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Handbook Appendices Forms Theatre Scholarships For Theatre Majors, Minors, and Intendeds University Theatre Handbook Table of Contents Theatre Home


 With the thoughts above in mind, the faculty of the Department of Theatre embraces and strives to practice a distinctive philosophy of theatre education.  This philosophy must be played-out, of course, through every activity we undertake, be it in the lecture classroom, the studio course, University Theatre productions, or personal contacts.  You, of course, are the major target of these educational strategies, and the better you know intention, the more likely we all are to succeed.  Therefore, consider the following explication.

A.2.a  Learning goals. 

We see our primary educational responsibilities as: 1) providing, through the study and practice of theatre, opportunities and encouragements for every member of the university’s constituencies to pursue aesthetic growth as an essential life value, a growth mandatory for whole personhood, 2) the development of excellence in per­sons drawn to serve society through their artistic talents, and 3) the preparation of practi­tioners, managers, and scholars in theatre and, importantly, 4) the exploration of the con­nection between theatre and the Christian faith.

The faculty members of the department view themselves as scholar/artists and desire to serve as models of continuing aesthetic development, and as mentors to younger artists.  A conscious attempt is made to integrate both their artistry and the values of their Christian world view into curricular activities.  Desirably, as a result, your training under them will not only firmly ground you in artistic technique, but will equip you with the ability and desire to express your examined and most firmly held spiritual and personal beliefs through your artistry.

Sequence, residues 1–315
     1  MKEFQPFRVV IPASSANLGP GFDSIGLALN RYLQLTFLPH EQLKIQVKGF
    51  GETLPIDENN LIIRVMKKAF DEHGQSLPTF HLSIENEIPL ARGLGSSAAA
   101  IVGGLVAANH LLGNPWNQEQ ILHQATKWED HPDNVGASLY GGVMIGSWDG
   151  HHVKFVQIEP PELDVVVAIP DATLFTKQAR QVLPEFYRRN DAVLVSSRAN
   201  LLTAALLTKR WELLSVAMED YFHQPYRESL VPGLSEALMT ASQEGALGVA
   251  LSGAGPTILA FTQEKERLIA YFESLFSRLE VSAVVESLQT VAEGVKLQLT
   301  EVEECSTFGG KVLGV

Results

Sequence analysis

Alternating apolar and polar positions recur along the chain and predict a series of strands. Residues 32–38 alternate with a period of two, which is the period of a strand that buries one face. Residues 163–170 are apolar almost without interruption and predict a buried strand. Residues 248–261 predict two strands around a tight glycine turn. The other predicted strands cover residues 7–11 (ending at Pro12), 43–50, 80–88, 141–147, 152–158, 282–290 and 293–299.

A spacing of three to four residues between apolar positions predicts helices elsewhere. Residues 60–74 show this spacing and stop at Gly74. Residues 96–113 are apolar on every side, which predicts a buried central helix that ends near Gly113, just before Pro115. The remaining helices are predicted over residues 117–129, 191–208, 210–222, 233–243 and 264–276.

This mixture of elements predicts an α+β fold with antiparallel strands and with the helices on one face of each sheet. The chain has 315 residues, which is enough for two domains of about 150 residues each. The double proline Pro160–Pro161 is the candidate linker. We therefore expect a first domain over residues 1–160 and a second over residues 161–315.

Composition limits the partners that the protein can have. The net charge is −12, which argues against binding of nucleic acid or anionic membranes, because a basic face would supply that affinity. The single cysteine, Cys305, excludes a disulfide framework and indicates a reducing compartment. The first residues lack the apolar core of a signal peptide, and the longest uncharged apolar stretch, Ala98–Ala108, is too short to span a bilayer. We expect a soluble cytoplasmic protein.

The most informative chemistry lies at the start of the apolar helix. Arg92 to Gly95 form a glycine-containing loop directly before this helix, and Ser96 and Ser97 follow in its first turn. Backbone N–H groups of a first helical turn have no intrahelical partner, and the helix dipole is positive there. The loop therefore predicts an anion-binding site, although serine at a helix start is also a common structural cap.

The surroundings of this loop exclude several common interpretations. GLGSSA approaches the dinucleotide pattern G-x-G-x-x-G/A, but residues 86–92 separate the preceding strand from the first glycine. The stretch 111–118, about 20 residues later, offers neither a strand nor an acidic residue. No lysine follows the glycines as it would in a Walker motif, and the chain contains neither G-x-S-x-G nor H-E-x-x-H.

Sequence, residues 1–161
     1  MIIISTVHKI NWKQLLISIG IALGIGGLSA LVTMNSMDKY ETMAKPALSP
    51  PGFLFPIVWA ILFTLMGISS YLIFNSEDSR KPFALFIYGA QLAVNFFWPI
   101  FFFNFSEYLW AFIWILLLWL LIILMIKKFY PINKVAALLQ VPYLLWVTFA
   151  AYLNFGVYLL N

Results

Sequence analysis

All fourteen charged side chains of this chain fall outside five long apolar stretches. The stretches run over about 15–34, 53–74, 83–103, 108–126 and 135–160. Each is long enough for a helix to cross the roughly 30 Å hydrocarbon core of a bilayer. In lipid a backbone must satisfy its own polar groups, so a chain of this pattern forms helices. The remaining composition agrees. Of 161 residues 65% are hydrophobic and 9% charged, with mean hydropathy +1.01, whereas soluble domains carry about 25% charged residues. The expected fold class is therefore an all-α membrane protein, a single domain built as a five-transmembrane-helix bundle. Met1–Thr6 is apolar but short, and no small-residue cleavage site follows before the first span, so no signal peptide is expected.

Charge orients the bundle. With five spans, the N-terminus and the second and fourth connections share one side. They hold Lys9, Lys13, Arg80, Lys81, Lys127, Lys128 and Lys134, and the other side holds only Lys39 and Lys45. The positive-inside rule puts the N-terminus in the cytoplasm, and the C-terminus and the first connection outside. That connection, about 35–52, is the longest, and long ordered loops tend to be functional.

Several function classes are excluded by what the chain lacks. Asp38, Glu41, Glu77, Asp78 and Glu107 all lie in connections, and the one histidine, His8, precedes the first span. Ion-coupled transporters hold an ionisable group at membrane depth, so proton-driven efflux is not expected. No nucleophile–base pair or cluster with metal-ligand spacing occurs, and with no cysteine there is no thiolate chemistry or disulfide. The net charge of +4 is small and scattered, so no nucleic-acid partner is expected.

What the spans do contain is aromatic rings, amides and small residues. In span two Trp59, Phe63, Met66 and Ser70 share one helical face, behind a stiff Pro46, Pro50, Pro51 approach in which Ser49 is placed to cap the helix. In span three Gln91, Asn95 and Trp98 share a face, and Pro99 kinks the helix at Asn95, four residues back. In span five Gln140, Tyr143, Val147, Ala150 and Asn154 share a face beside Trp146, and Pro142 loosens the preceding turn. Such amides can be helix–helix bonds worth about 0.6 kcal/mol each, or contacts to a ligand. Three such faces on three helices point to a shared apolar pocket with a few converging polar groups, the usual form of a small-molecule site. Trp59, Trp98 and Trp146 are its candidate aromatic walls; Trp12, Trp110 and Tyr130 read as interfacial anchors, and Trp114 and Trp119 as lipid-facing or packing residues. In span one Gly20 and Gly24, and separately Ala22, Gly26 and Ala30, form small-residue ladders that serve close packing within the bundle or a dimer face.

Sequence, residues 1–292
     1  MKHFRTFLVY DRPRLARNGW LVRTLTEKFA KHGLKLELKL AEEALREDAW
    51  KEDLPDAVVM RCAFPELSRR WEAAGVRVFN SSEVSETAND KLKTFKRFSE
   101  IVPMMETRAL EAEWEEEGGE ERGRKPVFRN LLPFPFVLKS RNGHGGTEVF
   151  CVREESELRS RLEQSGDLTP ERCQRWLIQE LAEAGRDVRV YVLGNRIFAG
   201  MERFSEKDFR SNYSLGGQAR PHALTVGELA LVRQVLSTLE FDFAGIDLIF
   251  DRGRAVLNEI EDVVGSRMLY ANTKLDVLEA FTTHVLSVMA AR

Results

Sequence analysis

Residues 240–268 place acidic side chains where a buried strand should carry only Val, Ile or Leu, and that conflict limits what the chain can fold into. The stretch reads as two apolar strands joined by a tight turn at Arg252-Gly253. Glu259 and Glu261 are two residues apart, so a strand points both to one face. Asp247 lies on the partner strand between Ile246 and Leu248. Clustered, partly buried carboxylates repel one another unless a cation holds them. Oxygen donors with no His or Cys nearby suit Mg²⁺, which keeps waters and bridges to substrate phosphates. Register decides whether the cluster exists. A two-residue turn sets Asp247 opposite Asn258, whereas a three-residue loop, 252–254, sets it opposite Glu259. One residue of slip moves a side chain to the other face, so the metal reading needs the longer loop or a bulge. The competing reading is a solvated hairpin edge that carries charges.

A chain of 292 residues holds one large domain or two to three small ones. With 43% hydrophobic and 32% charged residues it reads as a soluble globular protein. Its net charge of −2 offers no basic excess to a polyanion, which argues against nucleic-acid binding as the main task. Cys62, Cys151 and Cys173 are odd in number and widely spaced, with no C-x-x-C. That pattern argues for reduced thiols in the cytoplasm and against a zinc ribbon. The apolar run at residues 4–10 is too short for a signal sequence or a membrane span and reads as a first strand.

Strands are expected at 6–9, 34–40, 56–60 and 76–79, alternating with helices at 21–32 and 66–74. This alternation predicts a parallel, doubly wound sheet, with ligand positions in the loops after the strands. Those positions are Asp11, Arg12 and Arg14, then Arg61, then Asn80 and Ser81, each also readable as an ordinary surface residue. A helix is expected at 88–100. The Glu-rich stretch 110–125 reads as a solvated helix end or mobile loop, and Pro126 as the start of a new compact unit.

To these ends the department provides extensive and fully-accredited undergraduate courses for both majors, minors, and non-majors. The department offers a Bachelor of Arts (B.A.) degree modeled in the liberal arts tradition, which is to say that you are expected to heavily supplement course work in theatre with vigorous investigation of the multitude of other human intellectual endeavors.  The intended effect is to broaden your capacities and to provide a strong basis for future artistic expression.  (When you know how to say it, you need something to say!)  We strongly believe that highly specific technical training for a profession in theatre (for actors, designers, playwrights, directors, managers) is properly pursued in graduate degree programs, and that the most appropriate and useful under­graduate Theatre degree is generalist in nature.  The degree work in the department is therefore best described as both liberal arts and pre-professional in nature.

Next Section: A2b: Applying Your Learning

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